Please recommend an amazing book

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I have two weeks of holidays in which I plan to learn more maths and do some other stuff, and I need to balance it out by reading.

I am looking for an absolutely wonderful book. Here are some books I've read and found incredible:

Yann Martel - Life of Pi
Wilkie Collins - The Woman in White
John Connolly - The Killing Kind
Mika Waltari - The Egyptian
Raymond E Feist - Magician

I am ideally looking for something like Life of Pi (but original and not lame, and just as great) where the story is set in a kind of adventurous mode and leaves you feeling sad, slightly depressed but grateful for where you are. I LOVED "Magician" but I'm NOT looking for a fantasy book. Also I don't want any classics like The Woman in White. And I don't want a history book, although I loved Jung Chang's Wild Swans.

So please recommend me something. (But please make sure it's an amazing book, I don't want to read mediocre stuff).

THANKS!
 

Answers and Replies

  • #2
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I would recommend :
Roger Penrose - The Road to Reality

It is the most amazing I have ever read.
It is however a bit long.
I have not read Life of Pi.
 
  • #3
JasonRox
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I think the Ice Master by Jennifer Nigel is what you're looking. The way you described the Life of Pi is exactly how I felt about this book.
 
  • #4
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  • #5
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Jack Kerouac- On the Road
 
  • #6
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Tai-Pan by James Clavell

got lost in that one
 
  • #7
Curious3141
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One of my favorite books is "Flowers For Algernon" by Daniel Keyes (there are different versions - read both the novella and the longer novel - you may find they complement each other). Ever wanted to be (a lot) smarter, if even for a while? This may change your mind. A heart-rending story.
 
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  • #8
turbo
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How about something for the soul?

"Be here now", by Baba Ram Dass (Richard Alpert)

The title says it all, but if you are a typical college kid, driven by circumstances, relations with your family, friends, and peers, etc, you will not appreciate the title even a little bit until you read the book. Read the book in a quiet setting, and don't dash through it. The words are simple and well-chosen and the concepts conveyed by those words should strike home with anybody who is driven enough to ask for book suggestions to balance out demanding course-work during a two-week holiday.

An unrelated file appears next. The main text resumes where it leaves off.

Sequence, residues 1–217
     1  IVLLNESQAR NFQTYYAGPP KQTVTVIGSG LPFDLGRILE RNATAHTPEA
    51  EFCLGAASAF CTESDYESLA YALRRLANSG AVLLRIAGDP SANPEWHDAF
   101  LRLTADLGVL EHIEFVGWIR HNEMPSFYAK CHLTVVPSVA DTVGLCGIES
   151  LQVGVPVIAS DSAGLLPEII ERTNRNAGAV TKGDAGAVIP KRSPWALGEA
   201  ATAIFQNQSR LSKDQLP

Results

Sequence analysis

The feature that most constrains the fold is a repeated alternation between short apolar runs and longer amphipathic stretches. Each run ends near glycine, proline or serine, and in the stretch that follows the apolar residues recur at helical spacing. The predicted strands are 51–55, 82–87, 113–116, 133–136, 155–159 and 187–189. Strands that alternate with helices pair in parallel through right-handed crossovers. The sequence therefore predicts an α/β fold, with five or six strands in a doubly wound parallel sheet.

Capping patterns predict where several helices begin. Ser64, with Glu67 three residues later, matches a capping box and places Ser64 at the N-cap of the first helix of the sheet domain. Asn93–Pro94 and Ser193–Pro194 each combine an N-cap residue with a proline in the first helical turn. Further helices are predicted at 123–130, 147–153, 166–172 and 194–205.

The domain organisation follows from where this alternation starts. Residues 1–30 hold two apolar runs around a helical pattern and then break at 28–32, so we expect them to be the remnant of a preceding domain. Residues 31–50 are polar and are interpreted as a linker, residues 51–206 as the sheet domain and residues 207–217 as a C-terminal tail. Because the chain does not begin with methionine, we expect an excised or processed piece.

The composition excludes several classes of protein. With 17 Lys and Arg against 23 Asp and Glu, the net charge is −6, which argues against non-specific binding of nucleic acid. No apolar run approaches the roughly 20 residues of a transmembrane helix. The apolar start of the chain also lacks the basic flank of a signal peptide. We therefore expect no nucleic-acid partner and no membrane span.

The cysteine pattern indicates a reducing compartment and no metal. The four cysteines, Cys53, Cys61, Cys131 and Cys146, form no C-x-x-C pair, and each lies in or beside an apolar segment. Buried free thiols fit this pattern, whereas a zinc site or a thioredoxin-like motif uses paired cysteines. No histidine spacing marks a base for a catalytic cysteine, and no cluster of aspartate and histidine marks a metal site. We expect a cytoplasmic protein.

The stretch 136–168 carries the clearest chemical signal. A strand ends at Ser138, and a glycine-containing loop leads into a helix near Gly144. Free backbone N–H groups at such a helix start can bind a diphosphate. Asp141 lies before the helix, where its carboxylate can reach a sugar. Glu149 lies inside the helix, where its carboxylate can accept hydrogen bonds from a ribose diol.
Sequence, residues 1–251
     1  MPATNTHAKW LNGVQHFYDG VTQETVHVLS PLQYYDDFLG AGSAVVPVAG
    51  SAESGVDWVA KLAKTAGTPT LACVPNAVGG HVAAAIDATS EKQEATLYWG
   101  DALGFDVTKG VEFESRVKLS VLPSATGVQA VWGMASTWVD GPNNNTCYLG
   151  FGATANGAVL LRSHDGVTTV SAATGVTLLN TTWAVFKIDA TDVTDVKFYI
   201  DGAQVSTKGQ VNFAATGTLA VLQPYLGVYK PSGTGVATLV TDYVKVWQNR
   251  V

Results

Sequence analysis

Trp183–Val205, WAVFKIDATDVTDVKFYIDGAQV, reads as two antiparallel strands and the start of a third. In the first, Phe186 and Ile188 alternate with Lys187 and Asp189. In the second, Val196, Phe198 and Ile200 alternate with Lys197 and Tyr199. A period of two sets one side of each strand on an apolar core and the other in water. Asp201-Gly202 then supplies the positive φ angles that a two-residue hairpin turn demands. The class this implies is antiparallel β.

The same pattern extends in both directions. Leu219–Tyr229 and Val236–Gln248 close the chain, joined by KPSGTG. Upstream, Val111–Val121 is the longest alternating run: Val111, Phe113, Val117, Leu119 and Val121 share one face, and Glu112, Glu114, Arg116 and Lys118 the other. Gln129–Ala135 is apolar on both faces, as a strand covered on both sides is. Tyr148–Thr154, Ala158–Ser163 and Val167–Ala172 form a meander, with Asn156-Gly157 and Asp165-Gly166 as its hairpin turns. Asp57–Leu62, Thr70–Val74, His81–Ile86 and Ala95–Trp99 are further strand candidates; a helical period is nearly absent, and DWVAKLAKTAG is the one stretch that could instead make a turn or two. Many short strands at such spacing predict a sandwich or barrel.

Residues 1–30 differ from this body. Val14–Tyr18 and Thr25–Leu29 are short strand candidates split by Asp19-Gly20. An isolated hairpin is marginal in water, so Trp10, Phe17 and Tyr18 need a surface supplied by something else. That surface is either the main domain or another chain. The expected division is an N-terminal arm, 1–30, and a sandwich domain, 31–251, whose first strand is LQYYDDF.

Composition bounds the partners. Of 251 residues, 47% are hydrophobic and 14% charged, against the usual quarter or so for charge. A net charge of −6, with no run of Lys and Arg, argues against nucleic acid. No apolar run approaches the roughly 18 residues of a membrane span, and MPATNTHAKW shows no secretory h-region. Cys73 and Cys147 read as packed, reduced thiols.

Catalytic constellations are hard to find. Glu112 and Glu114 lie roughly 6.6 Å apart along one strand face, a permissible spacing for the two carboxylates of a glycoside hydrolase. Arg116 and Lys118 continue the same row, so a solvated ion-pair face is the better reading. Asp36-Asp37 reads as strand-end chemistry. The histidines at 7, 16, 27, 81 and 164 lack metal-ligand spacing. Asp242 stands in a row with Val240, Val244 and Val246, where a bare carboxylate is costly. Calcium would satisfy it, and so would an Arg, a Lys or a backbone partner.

• #9
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Thanks for the recommendations.

"Roger Penrose - The Road to Reality" -- I had heard about this before and it definitely sounds really interesting. But it's SCIENCE! I don't want science at this moment. But thanks I will keep it in mind. I will definitely buy it at some point though.

"Ice Master by Jennifer Nigel" I just had a look at this at Amazon, I'm not too sure if I want it as it's based on a true life story. I might buy it.

Sorry I'm not too interested in that Jack Kerouac novel.

Tai-Pan looks really interesting, I will most probably buy that above anything else unless anyone comes in with something better.

Flowers for Algernon also looks really cool.

Sorry turbo but I'm not really looking for that kind of spiritual book. Not sure I'd be interested.

Thanks for all the recommendations. I've most them all on "the list to check out later" but I might buy the two books I've specially mentioned above. Thanks a lot!!

And please recommendations coming.
 
  • #10
turbo
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Sorry turbo but I'm not really looking for that kind of spiritual book. Not sure I'd be interested.
It's not as spiritual as you might think - kind of a gut-check of your life's priorities. I bought a copy, "loaned" it to a friend, who passed it on to a friend and it never came back. A year later, I bought a used copy at a bookstore and managed to keep that one for a while, until I fell into the same situation, with another friend who fell in love with the book and passed it along to another person that she thought needed it, etc. If I bumped into a used copy at a good price, I'd probably buy it. If you can get to a library and read a bit of it, you'd know if it is for you.
 
  • #11
turbo
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Oh, and "Genius" by James Gleick is an entertaining read. It's a biography of Richard Feynman.
 
  • #12
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Read "The catcher in the rye" by J.D. Salinger!

You may have a look here for more books:
http://www.thebeststuffintheworld.com/category/book [Broken]
The website also mentions your "Life of pi".
 
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  • #13